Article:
by Nancy Martin
In February, we think of pink hearts. In April, it's spring showers. May flowers. June brides. When October rolls around, it's pumpkins. But the symbol for the month of January has got to be the Tupperware container.
I don't know about you, but one Christmas is over, I get the urge to put away all my cluttery holiday decorations, re-organize my storage shelves and streamline my life. If this sounds to your suspicious mind like a writer's varying methods of procrastination---well, let's meet for a long lunch to discuss it.
The Tupperware container is a crucial part of the January cleanup--a time to stow the junk in our lives. The great thing about Tupperware is that it's clear and allows us to see what's inside. I have to see it, you see, or my junk is lost forever. My husband prefers to packs stuff tightly into cardboard boxes (they're free, he says, and tight packing saves space) whereupon the stuff disappears and we have to buy new stuff because we can't find the old stuff. Which is why we have three watering cans. (I'm still annoyed that he lost a collection of little diamonds that I had hoped might make a nice ring for me on our 25th wedding anniversary, but to make up for it, he says, I have extra watering cans.)
Maybe it's because my house has been under construction for a couple of months, but after Christmas I couldn't wait to get my life organized again. I became a cleaning fanatic. I packed up the decorations, polished the silver one more time before putting it away, took down the wreaths and stowed them in the garage.
Then once all the tinsel was put away, I realized it was high time to repaint the red corner cupboard in the kitchen. And once you start painting, all kinds of things look dull and dinged by comparison, so I opened a can of white paint and painted some more: Baseboards and door jambs. When I finished, I noticed I had gotten a splurch of paint on my fingernail, so I had to do my nails all over again.
While I painted Sally Hansen's Aura on my nails, I glanced up to admire my red cupboard, and I reflected on what rewarding work painting is. How nice to see the shiny new paint cover up all the scratches and scuff marks! And as I had painted, I could plainly see my progress, which spurred me on. It made me want to stick with the project to get it all finished up.
Then, with the cupboard and the baseboards and the door jambs newly painted, my nails done and the Tupperware put away, I realized the floor needed a real scrubbing. I mean, the down-on-your-creaky-knees and using-a-bristle-brush kind of scrubbing. (After finishing this job, I realized why so many of us have that flabby skin under our upper arms.--We don't scrub our own floors enough!)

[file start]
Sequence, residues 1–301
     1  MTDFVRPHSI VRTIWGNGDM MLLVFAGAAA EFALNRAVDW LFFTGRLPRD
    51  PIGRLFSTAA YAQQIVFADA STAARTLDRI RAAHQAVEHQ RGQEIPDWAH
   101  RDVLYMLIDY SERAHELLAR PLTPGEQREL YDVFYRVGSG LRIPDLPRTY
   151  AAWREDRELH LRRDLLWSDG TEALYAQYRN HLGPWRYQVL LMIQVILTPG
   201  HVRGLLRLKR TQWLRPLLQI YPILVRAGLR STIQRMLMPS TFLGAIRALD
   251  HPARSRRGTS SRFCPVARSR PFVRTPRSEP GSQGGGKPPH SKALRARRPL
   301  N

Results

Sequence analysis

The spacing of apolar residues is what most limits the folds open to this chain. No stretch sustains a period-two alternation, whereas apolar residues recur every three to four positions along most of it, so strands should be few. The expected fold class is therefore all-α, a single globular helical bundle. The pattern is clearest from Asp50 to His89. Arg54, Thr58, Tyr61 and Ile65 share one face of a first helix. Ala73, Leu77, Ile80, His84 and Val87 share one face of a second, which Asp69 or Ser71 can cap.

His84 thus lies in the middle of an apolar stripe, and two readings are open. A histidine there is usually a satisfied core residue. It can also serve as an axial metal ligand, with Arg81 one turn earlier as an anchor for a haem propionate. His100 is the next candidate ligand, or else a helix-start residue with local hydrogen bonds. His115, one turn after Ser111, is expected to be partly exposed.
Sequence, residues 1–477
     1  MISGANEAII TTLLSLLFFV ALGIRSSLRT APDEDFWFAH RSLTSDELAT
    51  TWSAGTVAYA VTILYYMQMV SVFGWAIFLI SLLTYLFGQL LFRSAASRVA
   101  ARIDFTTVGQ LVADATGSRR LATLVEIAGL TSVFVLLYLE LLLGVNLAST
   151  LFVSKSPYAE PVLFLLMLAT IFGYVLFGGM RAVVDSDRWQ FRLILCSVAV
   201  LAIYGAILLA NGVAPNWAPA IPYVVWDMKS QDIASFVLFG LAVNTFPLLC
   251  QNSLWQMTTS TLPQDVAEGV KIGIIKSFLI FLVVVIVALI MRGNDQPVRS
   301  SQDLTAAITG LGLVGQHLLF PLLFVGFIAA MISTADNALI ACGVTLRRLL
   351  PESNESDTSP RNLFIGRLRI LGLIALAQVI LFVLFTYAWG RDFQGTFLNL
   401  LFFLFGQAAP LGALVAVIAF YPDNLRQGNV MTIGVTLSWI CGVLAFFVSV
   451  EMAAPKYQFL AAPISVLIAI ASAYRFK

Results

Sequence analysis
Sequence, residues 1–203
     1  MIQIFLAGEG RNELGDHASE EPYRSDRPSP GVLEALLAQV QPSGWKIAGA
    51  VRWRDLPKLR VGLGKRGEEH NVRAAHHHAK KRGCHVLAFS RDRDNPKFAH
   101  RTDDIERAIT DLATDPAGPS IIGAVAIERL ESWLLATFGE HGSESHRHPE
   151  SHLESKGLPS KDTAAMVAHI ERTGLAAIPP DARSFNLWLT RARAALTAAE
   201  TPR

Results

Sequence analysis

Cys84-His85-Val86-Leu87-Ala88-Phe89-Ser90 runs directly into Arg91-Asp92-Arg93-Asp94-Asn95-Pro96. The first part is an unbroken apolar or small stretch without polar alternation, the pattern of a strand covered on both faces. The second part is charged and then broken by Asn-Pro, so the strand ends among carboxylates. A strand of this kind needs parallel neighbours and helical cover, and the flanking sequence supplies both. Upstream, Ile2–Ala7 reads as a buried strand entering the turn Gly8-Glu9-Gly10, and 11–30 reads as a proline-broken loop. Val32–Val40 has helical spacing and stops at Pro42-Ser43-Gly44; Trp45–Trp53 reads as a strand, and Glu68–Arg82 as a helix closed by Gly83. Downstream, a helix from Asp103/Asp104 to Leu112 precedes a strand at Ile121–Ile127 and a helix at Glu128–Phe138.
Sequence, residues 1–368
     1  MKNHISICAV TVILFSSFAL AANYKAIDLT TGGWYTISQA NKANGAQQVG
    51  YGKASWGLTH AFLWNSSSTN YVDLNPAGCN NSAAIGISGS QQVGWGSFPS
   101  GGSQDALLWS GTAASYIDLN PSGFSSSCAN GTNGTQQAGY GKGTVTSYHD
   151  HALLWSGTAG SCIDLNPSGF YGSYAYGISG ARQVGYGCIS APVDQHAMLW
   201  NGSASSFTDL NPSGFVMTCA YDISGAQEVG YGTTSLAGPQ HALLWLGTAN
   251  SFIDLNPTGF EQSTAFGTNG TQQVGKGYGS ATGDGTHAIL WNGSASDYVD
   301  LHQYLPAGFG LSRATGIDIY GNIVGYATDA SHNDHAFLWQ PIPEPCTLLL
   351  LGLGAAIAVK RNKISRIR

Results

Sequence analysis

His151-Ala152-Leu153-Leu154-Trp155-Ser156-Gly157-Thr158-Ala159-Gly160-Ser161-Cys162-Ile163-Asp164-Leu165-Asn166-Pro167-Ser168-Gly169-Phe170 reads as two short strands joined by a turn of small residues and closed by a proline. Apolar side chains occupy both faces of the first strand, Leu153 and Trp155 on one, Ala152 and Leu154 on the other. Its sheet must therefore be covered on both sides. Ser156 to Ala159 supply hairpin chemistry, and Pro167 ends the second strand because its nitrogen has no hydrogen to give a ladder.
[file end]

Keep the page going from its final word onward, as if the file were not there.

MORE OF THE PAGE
As I scrubbed, I thought about how proud my mother would be to see me down there grunting and sloshing Mr. Clean around. My mother is still a demon about house cleaning. She actually has a collection of toothbrushes dedicated to various cleaning chores--bathtubs, golf shoes, hubcaps, etc. Growing up, I came to know the cleaning schedule by heart: Mondays were laundry day. Tuesdays for ironing. Wednesdays were dusting and sweeping. On Thursdays we scrubbed floors. And on Fridays the cleaning lady came. Yes, Mother is still one of those women who cleans before the cleaning lady turns up. I try to tidy things the day before Patty comes to my house, but I'm lucky if I get the dishes out of the sink and into the dishwasher before she taps on my back door.
But lately, I've been thinking that manual labor is underrated.
Oh, the joy of seeing progress made! And once a floor is scrubbed, it doesn't need to be re-written----er, re-scrubbed a hundred times. It's a pleasure to sit down and admire that spanking clean floor and know you've done a good job the first time around.
No, I'm not going to fire Patty anytime soon. Because if I didn't have Patty, I can see myself doing housekeeping chores all day long, just like my mother does.
But I have to get back to writing. No, really, I do. No more procrastination. No more avoiding the fact that writing is frustrating and difficult and time consuming. It's hard to see the progress while you're in the middle of a writing project, but that's why people say things like, "It's the journey that's important, not the destination."
But now and then, I just want to go out and buy some Tupperware, fill it up with junk and store it on a nice, clean storage shelf. Simple work that gives a simple pleasure.